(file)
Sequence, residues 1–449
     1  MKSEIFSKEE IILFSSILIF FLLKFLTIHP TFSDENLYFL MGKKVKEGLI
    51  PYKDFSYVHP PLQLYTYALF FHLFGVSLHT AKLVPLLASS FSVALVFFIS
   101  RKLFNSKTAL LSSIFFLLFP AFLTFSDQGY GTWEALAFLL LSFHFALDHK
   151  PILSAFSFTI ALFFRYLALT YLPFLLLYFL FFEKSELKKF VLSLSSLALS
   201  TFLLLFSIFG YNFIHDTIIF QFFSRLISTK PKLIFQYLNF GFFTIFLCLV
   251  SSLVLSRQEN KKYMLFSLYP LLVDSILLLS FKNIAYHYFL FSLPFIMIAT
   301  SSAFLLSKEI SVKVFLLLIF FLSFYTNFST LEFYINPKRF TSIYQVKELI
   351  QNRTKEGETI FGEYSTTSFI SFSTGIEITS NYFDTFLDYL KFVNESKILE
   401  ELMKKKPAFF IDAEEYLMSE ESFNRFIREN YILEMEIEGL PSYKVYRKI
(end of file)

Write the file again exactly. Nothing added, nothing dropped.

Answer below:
Sequence, residues 1–449
     1  MKSEIFSKEE IILFSSILIF FLLKFLTIHP TFSDENLYFL MGKKVKEGLI
    51  PYKDFSYVHP PLQLYTYALF FHLFGVSLHT AKLVPLLASS FSVALVFFIS
   101  RKLFNSKTAL LSSIFFLLFP AFLTFSDQGY GTWEALAFLL LSFHFALDHK
   151  PILSAFSFTI ALFFRYLALT YLPFLLLYFL FFEKSELKKF VLSLSSLALS
   201  TFLLLFSIFG YNFIHDTIIF QFFSRLISTK PKLIFQYLNF GFFTIFLCLV
   251  SSLVLSRQEN KKYMLFSLYP LLVDSILLLS FKNIAYHYFL FSLPFIMIAT
   301  SSAFLLSKEI SVKVFLLLIF FLSFYTNFST LEFYINPKRF TSIYQVKELI
   351  QNRTKEGETI FGEYSTTSFI SFSTGIEITS NYFDTFLDYL KFVNESKILE
   401  ELMKKKPAFF IDAEEYLMSE ESFNRFIREN YILEMEIEGL PSYKVYRKI